If you look at the variety of dog trainers and dog training methods present on this globe, your head may start spinning from the variety of choices. There are clicker trainers, old-balanced trainers, compulsion-based trainers, cross-over trainers and many more. Which one to choose? Shedding some light on what these terms really mean may help pave the path towards the right type of trainer to assist you with your dog’s training needs.
When looking for a good trainer, knowledge is power. Don’t be fooled by a flashy website and trainers spreading business cards everywhere. What truly differentiates one trainer from another is the level of expertise in learning theory and dog behavior, strong people skills and history of helping dogs and their owners. A good dog trainer knows for a fact that dog training takes time and the main focus should be to make the learning process easy, fun and rewarding. Following is a list of some types of dog trainers.
Clicker trainers mainly use a clicking device known as a clicker. Dogs that are clicker trained are eager to learn, like to offer behaviors and have lots of enthusiasm. Clicker training relies on positive reinforcement. The desired behavior the dog offers voluntarily is basically marked with a clicker and followed by a reward. Clicker training can be used also for behavior modification; indeed, since wanted behaviors are rewarded, dogs tend to repeat them over time, while unwanted behaviors tend to extinguish.
These trainers use positive reinforcement as their main quadrant of choice when it comes to training dogs. Positive trainers train force-free, therefore, they tend to object to the use of compulsion and the use of aversion-based tools such as choke collars, prong collars, and electronic collars.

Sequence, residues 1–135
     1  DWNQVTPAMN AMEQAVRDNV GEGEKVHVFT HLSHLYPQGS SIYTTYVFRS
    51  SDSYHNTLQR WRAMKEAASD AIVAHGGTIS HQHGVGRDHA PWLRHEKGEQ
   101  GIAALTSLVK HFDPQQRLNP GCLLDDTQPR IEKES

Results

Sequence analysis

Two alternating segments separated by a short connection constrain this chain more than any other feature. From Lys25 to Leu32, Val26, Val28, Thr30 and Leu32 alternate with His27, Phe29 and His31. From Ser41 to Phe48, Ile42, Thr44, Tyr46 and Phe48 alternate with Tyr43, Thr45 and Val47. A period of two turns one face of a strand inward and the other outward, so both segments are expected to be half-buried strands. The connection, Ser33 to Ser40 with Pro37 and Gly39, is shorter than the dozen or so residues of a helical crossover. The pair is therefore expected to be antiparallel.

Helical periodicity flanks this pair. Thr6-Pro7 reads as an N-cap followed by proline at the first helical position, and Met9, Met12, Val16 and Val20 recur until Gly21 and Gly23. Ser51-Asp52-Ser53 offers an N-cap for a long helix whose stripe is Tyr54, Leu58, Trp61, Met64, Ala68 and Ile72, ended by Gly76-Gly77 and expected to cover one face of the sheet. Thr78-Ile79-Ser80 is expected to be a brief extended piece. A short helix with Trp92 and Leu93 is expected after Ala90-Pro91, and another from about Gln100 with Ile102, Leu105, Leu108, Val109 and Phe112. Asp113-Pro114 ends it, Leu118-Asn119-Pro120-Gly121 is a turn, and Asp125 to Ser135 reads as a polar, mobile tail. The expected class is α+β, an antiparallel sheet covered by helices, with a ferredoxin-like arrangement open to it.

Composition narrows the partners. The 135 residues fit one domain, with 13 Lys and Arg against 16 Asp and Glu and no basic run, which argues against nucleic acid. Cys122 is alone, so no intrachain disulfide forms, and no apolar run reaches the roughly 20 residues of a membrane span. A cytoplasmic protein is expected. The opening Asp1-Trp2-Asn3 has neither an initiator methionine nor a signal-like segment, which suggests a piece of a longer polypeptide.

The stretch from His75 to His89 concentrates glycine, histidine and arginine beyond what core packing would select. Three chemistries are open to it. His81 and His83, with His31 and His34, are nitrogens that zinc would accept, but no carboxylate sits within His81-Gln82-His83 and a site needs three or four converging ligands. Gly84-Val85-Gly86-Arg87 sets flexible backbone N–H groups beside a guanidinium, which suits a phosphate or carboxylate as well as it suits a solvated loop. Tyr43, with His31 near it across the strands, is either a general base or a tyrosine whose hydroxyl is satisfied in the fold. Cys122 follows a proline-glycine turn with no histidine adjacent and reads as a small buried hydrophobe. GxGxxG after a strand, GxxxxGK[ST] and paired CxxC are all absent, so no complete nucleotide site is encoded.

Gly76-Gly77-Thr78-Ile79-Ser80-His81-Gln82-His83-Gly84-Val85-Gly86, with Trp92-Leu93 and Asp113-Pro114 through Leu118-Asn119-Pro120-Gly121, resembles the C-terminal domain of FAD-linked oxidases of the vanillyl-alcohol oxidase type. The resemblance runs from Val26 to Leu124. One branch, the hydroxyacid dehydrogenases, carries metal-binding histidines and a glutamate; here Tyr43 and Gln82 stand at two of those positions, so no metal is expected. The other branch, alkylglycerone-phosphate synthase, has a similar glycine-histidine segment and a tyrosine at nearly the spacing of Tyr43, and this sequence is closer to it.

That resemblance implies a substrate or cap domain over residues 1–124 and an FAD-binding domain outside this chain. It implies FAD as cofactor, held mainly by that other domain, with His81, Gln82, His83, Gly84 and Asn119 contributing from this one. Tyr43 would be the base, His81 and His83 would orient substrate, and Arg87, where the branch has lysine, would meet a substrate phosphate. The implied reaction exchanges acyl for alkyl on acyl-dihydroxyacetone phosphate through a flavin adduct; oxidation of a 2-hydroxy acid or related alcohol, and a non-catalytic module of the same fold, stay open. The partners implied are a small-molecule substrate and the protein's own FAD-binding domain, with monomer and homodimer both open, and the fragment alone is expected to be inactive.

Compulsion trainers often look for fast ways to train dogs and tend to rely heavily on corrections. Their philosophy is that dogs must be shown who is boss, which is known as “alpha theory”. Compulsion trainers train mostly using positive punishment and negative reinforcement. Their preferred tools are choke collars, prongs, and electronic collars.
Balanced trainers feel the need to reward behaviors that are wanted and correct behaviors that are unwanted. Therefore, they have a mix of tools in their training tool boxes and mix and match different training methods. These trainers use all four quadrants of training: positive reinforcement, negative reinforcement, positive punishment and negative punishment.
Crossover trainers are simply trainers who have decided to make the leap from the compulsion to positive training.
As seen, there are quite a lot of theories and training methods when it comes to training dogs. Find a reputable dog trainer with several years of experience, good reviews and a great love to train dogs and teach humans. And remember: training takes time, and most of all, should be fun!